2017 Subaru BRZ Review

2017 Subaru BRZ road test and review…

The Subaru BRZ is easily one of the most attractive, eye-catching cars on the road today.

Albeit, the companion Toyota 86 outnumbered it in sales last year 6:1 and are a more common sighting.

Either way, there are both a sight to behold and possess the same sleek, sport car body.

There are  differences by comparison, most notably the cabin design and switchgear, the absence of steering wheel controls in the 86 and a light variance in the engine specs. But these are all minor considerations.

Handed to me were keys to a 2017 Subaru BRZ, 4-seater coupé with a six-speed manual transmission, a 2.0 litre boxer petrol engine (152kW/212Nm) in rear wheel drive.

The BRZ is all about the drive and the handling making it a master of corners.

Optimal control of the vehicle is supplied by the overall low profile of the chassis combined with horizontally opposed engine  creating a lower centre of gravity.

From the cockpit, the pilot feels in contact with the ground - so close you could almost touch it. This gives a great sense of stability and connection with the road surface.

Manipulation of the coupé is enhanced by the not too closely spaced sports pedals, notchy, quick to change gear shifts and the tight leather steering wheel which affords controlled and direct handling.

Although the BRZ does looks the part and produces a pretty mean exhaust note, it doesn’t generate the amount of grunt as it appears to.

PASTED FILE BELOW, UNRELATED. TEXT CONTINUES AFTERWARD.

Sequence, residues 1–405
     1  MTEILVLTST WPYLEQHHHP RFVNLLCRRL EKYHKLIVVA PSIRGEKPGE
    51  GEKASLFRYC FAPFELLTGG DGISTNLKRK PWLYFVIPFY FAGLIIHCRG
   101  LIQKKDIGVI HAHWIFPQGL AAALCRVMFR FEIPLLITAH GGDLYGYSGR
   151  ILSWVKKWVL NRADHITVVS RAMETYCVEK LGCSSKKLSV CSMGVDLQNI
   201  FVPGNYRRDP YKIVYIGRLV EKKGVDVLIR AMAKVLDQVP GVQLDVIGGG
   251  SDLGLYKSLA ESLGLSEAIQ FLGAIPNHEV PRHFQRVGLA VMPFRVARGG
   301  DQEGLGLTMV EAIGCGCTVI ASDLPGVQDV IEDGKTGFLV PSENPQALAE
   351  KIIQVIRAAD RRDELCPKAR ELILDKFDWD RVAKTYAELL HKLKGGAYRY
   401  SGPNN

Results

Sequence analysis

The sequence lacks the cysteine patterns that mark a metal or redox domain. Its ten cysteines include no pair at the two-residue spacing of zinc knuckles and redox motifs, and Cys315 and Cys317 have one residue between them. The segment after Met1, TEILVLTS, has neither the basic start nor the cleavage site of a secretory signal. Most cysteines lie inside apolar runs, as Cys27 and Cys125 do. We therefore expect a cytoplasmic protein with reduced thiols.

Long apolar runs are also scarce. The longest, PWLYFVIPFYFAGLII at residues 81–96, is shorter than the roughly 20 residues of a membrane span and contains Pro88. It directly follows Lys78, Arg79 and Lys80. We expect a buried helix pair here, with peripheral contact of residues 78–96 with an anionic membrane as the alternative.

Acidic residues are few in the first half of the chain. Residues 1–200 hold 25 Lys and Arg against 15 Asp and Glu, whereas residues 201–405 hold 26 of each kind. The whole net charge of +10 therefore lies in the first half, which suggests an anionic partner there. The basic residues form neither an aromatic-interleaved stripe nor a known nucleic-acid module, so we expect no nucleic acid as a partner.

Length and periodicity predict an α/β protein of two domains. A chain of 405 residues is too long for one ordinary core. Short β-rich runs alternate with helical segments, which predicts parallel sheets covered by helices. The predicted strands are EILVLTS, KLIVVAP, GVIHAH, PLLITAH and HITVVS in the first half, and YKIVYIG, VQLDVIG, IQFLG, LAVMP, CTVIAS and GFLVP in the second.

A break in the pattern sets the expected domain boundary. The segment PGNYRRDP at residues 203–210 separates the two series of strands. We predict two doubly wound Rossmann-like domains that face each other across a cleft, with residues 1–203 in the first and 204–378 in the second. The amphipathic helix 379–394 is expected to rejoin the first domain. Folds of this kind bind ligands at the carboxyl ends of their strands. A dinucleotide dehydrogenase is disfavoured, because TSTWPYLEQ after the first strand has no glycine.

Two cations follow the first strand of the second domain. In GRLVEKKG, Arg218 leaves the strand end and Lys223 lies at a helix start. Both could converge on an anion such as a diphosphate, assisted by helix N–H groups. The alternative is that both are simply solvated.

From a standing start acceleration isn’t a sharp as in a turbo engine though the power does kick in after 4000rpm once it overtakes the torque curve.

Like all well-designed vehicles, the ignition button is located at the bottom of the centre dash in front of the gear stick - easy to see and easy to reach. I don’t know why more cars aren’t like this.

Egress and ingress are challenging not only for the front occupants with the low slung sports bucket seats and longer heavier coupe door but for the rear passengers

Getting in the back of a 2-door is never easy and the cramped quarters of the BRZ not to mention you’ll have next to no legroom even with small framed people up front.

But taller people won’t even be concerned about their legs as they struggle to sit upright due to the low sloping rear windscreen.

Carrying something in the back? Well, plan to pack light as you’ll have to compete for space with the exposed spare tyre in a boot that is long-ish but not deep.

However, space and occupancy isn’t really the drawcard for the Subaru BRZ and is still a smidge more practical than the new Mazda MX-5.

The sporty coupé is a fairly no-frills affair devoid of most modern features.

On the dash is a touch screen, dual zone climate control and auxiliary inputs plus cruise control, DRLs and auto headlamps with washers though you don’t really notice what’s missing because of the smart layout.

This type of driving capability isn’t restricted to vehicles over $80k and comes in at an affordable $32,990 before on road costs.

There is an automatic version for $2000 more.

And under the Subaru brand new owners receive a 3 year/60,000km capped price servicing plan to go with the 3 year unlimited km warranty.

The Subaru BRZ offers a raw, pure driving experience with awesome dynamics and you can look good while doing it!

NUTS and BOLTS 2017 Subaru BRZ

Engine: 2.0L petrol producing 152kW and 212Nm

Transmission: Six-speed manual

Warranty: 3 Year/Unlimited km

Safety: Five Stars

Origin: Japan

Price: From $32,990

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